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When state and local laws conflict

By: Jim Flynn
August 18, 2016 Updated: August 18, 2016 at 12:55 pm
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So what happens when a Colorado municipality passes a law (usually called an ordinance) in possible conflict with a law created by the state Legislature? The answer is - legal chaos.

The Colorado Constitution grants to municipalities (such as Colorado Springs) adopting a "home rule" charter the right to govern their own affairs. Specifically, Section 6 of Article XX of the state constitution says that laws created by a home rule municipality "shall supersede within the territorial limits of said city or town any law of the state in conflict therewith."

But that's not really how it works. Instead, if the matter in question is one of "statewide concern" and the local law gets in the way of the functioning of the state law, the local law is pre-empted. Sometimes the Legislature, when enacting a law, makes a clear statement that the law is a matter of statewide concern and municipalities need to butt out. Other times, however, courts have to decide the statewide concern issue by looking closely at the language the Legislature used in writing the law, the need for statewide uniformity and/or the impact a local law might have beyond a municipality's geographical limits.

To further complicate the situation, even if a matter is of statewide concern, a state law and a municipal law dealing with the same subject can coexist. Thus, courts have to look not only at the issue of statewide concern but also the issue of operational conflict in deciding whether or not a state law will pre-empt a local law.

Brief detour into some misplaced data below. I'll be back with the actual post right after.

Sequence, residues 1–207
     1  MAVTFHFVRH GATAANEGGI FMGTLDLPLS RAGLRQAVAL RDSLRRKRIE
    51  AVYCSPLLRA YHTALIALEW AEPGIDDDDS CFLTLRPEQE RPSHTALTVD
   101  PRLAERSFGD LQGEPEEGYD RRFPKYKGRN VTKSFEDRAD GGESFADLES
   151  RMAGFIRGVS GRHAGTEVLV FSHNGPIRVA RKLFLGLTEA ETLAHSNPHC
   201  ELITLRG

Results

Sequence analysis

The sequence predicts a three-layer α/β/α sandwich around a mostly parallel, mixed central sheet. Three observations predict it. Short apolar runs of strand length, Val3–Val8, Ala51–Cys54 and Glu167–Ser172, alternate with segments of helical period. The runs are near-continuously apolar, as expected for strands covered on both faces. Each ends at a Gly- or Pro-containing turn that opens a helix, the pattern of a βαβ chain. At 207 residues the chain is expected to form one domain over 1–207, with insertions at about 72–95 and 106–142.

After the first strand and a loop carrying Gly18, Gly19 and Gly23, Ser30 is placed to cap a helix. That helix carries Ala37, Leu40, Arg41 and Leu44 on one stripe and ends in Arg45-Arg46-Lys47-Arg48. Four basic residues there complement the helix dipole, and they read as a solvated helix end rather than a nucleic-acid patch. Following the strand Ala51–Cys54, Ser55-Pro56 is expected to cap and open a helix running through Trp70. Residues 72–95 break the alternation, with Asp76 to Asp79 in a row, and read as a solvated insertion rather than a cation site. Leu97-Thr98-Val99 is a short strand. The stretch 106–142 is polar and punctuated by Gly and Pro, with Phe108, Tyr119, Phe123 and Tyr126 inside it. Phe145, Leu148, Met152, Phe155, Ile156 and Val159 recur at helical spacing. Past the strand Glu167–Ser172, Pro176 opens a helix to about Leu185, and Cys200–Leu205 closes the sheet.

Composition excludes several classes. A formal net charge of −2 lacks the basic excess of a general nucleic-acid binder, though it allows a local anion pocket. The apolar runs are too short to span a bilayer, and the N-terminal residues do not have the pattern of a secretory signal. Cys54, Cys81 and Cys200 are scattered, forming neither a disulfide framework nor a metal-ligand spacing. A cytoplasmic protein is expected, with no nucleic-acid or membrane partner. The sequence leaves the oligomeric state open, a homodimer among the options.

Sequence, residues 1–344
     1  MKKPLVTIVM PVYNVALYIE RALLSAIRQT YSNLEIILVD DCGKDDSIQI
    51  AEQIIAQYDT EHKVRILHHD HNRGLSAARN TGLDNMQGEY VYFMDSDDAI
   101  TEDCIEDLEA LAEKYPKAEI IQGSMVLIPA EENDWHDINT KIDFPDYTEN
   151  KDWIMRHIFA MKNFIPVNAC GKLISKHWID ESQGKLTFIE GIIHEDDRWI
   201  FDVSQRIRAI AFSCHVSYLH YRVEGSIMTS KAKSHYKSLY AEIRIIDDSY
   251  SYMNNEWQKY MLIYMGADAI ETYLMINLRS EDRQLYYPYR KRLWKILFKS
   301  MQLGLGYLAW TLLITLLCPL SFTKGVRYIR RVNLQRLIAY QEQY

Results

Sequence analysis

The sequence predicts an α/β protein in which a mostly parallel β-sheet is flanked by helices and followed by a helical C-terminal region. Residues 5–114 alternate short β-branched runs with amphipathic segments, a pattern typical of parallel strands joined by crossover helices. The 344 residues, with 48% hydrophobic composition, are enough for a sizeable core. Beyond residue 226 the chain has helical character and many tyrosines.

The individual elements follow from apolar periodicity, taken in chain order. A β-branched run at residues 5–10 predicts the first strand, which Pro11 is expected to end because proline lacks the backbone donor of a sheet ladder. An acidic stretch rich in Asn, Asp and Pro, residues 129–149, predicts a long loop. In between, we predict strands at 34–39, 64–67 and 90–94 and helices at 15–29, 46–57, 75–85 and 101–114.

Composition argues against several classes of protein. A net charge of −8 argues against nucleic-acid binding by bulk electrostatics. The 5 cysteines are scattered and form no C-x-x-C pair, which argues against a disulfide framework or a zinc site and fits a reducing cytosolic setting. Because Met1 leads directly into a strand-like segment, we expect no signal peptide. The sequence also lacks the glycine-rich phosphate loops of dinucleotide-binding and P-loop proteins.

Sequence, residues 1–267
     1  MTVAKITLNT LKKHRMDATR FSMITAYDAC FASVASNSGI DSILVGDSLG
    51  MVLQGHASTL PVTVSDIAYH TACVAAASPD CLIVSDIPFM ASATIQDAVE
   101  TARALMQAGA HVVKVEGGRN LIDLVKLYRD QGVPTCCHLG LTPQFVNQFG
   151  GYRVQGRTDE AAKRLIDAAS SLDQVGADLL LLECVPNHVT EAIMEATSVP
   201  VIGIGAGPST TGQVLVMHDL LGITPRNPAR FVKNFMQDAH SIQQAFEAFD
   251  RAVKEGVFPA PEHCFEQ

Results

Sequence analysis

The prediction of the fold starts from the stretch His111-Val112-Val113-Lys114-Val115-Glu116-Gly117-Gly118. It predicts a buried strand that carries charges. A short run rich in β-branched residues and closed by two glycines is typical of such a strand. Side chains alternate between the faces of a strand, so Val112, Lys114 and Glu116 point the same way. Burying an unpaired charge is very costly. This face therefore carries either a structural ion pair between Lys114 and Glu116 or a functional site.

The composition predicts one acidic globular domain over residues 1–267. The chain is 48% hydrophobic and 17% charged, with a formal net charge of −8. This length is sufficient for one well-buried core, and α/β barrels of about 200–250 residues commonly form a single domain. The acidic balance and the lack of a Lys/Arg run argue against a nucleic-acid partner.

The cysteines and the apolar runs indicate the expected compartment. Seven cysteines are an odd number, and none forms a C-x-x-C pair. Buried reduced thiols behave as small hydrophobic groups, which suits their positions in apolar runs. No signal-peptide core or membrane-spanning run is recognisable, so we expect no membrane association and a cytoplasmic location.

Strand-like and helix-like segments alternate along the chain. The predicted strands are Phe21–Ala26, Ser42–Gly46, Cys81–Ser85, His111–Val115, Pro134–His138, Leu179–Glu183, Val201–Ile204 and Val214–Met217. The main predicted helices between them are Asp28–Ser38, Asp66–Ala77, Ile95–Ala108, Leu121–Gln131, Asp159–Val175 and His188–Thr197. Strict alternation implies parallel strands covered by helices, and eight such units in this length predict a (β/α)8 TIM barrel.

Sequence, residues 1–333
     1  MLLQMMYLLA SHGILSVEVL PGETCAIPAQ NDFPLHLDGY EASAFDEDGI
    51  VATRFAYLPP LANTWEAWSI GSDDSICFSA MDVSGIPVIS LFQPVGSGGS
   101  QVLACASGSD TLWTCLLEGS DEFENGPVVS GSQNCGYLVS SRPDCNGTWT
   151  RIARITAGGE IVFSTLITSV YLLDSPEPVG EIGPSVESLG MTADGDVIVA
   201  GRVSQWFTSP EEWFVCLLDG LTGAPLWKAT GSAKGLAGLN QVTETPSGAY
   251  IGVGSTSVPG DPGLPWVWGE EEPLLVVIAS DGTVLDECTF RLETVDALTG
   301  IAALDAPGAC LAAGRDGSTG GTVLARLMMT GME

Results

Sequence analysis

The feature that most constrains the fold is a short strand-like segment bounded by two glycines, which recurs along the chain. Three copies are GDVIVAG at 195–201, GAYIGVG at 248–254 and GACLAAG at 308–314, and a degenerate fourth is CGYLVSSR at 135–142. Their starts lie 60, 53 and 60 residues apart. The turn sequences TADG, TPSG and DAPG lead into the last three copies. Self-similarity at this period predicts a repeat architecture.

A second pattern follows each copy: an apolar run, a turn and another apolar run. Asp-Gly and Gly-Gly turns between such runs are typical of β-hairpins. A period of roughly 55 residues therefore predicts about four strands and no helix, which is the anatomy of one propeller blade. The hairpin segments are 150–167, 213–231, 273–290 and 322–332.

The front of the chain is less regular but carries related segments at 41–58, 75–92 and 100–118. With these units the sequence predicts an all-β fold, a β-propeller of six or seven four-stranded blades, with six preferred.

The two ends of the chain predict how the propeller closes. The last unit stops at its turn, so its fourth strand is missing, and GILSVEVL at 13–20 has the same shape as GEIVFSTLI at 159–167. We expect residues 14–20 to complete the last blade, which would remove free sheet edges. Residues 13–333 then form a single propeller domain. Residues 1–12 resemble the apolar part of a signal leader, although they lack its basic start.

This issue of state law versus local law came to a head recently in two cases decided on May 2 by the Colorado Supreme Court. Both involved fracking. In 2012, the city of Longmont passed a law prohibiting fracking activity, and the storage of fracking-related byproducts, within city limits. In 2013, the city of Fort Collins didn't outright ban fracking, but it did put in place a five-year moratorium. Both cities were sued by the Colorado Oil and Gas Association, a trade organization, and in both cases the cities lost. The Supreme Court concluded that, by reason of the Legislature's passage of the Oil and Gas Conservation Act; the creation of a regulatory agency to administer the act (the Colorado Oil and Gas Conservation Commission); the comprehensive rules this agency has put in place; and the fact that oil and gas deposits don't pay much attention to municipal boundaries, fracking is a matter of statewide concern. The court also found there was an irreconcilable operational conflict between the state law and these local laws, and the local laws were therefore preempted.

After these Supreme Court decisions, although there is still room for municipalities to regulate some aspects of fracking activity, its outright ban is no longer an option, and it's largely up to the Oil and Gas Conservation Commission to decide how oil and gas deposits can be efficiently and fairly developed "consistent with the protection of public health, safety, and welfare, including protection of the environment and wildlife resources."

In furtherance of that agenda, the commission recently approved an application to drill 28 wells in the Garfield County community of Battlement Mesa. And the commission is continuing its review of an application to drill other wells closer to the Colorado River and a municipal water intake.

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Jim Flynn is a private attorney with Flynn Wright & Bentley LLC in Colorado Springs. He also is the author of three law-related novels. Contact him at moneylaw@jtflynn.com.

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